Virtual Bourgeois

Just An Analog Guy Trying to Upgrade For a Digital World

Clinton Visit

Posted by Gerald on April 27, 2008

We found out early this week that Bill Clinton was going to visit the campus on Wednesday.  He was visiting four college campuses here in NC that day and we were the third.  I think these were billed as something else, but they were campaign stops for Hillary.  I’ve never seen a President – sitting or former – in person, so I decided to stick around for the event.

Everyone in my department stayed for the speech.  We brought out folding camp chairs (thanks for the loan, Steve!) and staked out spots at about 4pm, so I was very close to the front.  He was scheduled to get there at 6:45.  It was like we were waiting in line for concert tickets.  We were having a good time.  The crowd eventually grew to about 1100 (according to the Sheriff’s department).  They started playing white-folks political rock (“Little Pink Houses” etc…) to entertain the crowd.  The speakers were really loud up front.

Due to delays at the earlier stops, Clinton didn’t arrive until about 9 pm.  Because of the crowd, we were all on our feet for the last three hours.  Before he got there, Hillary’s NC coordinator showed up to do a pep rally.  Since I’m supporting Obama I felt like a bit of an outsider there.  On the other hand, my high school pep rallies were not that much different.  I just don’t seem to respond to the whole group emotion thing very well even at the best of times.  After finishing a hard day of work and then sitting outside for four hours, I wasn’t in a great mood anyway.

One thing that really struck me during the pep rally was watching several of the intelligent and independent-minded women I work with being reduced to whooping contestants on The Price is Right by the “cheerleader” (as I thought of him) when he said “… and nobody tells a North Carolina woman to just sit down and shut up!”  Yeah, and “this is easily the most rocking town our band will visit on this tour!”  I’m sorry, but blatant ham-fisted pandering is blatant ham-fisted pandering, no matter the cause.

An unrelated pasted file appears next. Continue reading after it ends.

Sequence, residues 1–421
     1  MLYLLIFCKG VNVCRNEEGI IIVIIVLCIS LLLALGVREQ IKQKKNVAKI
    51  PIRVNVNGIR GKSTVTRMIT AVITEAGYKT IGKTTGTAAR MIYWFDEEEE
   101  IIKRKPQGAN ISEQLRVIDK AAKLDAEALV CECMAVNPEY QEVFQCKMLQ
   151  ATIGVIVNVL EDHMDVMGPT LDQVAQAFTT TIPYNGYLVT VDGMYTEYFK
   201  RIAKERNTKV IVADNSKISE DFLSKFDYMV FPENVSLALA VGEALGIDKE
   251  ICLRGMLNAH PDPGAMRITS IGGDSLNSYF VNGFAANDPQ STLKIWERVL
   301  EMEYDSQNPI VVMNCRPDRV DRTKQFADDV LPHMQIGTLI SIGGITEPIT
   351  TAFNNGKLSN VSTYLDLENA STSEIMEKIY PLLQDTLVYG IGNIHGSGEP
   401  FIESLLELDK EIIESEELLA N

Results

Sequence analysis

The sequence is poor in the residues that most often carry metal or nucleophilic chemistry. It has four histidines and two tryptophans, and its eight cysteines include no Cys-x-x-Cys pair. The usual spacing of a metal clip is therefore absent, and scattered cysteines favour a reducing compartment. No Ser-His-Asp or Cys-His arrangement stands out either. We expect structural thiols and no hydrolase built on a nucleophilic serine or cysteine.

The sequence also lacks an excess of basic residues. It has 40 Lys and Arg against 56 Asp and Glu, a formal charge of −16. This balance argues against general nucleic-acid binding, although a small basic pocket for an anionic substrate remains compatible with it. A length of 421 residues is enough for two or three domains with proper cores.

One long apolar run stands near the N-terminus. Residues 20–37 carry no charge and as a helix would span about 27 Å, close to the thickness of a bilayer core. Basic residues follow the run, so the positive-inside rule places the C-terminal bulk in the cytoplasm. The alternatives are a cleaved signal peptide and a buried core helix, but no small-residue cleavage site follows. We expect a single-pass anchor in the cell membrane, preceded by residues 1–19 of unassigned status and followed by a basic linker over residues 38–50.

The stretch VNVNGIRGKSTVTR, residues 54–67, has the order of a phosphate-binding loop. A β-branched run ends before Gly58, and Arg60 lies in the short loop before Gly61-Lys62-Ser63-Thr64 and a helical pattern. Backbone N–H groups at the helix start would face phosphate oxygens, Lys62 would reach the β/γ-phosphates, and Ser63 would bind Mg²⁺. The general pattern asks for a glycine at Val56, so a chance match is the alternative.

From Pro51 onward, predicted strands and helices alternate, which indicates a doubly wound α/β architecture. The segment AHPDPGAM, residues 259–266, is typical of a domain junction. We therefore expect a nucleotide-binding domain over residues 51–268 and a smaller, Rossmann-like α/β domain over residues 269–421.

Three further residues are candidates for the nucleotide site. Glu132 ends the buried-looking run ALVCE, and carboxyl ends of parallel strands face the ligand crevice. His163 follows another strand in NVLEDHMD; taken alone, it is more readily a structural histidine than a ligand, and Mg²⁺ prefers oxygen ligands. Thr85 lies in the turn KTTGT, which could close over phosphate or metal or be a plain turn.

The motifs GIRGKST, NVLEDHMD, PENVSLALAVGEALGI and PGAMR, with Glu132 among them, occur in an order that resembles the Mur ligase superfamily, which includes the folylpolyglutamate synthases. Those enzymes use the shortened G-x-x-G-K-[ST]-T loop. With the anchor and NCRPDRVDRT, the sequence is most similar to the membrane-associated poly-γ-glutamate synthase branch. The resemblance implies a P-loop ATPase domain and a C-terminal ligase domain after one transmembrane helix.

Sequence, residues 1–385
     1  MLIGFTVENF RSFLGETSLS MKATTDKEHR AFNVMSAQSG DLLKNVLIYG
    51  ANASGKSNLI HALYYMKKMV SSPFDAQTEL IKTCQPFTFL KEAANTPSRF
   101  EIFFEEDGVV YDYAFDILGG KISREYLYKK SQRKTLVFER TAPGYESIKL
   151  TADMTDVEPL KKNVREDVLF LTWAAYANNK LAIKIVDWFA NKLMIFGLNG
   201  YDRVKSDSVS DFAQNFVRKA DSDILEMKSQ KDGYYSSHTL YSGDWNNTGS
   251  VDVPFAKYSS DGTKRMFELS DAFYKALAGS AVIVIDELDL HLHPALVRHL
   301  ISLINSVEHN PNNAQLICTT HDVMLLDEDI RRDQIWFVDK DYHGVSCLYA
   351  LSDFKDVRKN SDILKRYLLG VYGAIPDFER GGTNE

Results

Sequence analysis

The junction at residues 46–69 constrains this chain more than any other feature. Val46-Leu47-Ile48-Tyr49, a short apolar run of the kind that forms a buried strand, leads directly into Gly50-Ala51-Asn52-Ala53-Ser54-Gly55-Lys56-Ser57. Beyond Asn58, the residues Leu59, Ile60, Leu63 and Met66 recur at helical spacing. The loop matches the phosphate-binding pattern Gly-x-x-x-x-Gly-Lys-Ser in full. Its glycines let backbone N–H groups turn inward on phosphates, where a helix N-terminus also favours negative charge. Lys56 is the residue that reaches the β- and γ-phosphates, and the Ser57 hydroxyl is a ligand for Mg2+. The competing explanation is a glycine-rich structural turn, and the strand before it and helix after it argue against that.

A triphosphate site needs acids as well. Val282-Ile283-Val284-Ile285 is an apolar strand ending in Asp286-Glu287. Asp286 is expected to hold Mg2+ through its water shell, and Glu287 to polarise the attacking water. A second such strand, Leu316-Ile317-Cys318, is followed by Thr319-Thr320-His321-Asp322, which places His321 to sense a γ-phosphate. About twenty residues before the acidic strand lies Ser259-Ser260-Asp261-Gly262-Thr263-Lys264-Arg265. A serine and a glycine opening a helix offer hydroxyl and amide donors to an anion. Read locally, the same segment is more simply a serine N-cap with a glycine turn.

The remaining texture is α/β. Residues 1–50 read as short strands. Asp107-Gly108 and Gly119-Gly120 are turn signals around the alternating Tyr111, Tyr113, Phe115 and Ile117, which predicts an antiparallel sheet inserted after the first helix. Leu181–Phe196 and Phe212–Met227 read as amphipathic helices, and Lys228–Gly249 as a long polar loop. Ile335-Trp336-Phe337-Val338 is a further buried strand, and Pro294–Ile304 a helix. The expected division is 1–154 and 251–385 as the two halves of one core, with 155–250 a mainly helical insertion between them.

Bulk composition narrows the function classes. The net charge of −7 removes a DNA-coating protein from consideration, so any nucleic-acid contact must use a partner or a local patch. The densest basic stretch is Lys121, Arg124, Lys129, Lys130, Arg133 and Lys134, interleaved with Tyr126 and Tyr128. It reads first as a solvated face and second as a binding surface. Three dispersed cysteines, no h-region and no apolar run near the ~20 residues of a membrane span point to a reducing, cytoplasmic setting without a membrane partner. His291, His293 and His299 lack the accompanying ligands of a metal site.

Cheerleader also had everyone send a text-message (“NC”) to a campaign phone number and then picked three of those who did to come up on stage and stay to meet Clinton, get an autograph, and ask a question.  Shortly before this, Cheerleader had been – well – cheer leading.  “Gimme an ‘H'”,  Gimme an ‘I””, etc… and then “Who is going to be the next President of the United States!?!”  I used my somewhat above average lung-power to reply “Barak Obama!!!”.  People around me had a variety of reactions.  My colleagues just thought it was funny, as did the guy behind me.  He had been ribbing me in a friendly manner and asking me to give him a t-shirt if I caught one (Cheerleader was tossing them around – and deliberately snubbed the five-year-old son of one of my colleagues who was standing up front.)  When the texting was done, the guy asked me what I wanted to ask Clinton.  He was somewhat taken aback when I responded “I want to ask him if he is deliberately trying to sabotage his wife’s campaign or if he just went insane sometime around the South Carolina primary?”  Actually, I’d like to ask him how he slept at night after having his State Department dick around for three months while 900,000 Rwandans were being killed, but that would probably have been rude.

In other words, I was feeling a bit cranky by the time Clinton arrived.  I was really thinking less about what he might say than about how long he’d take to say it.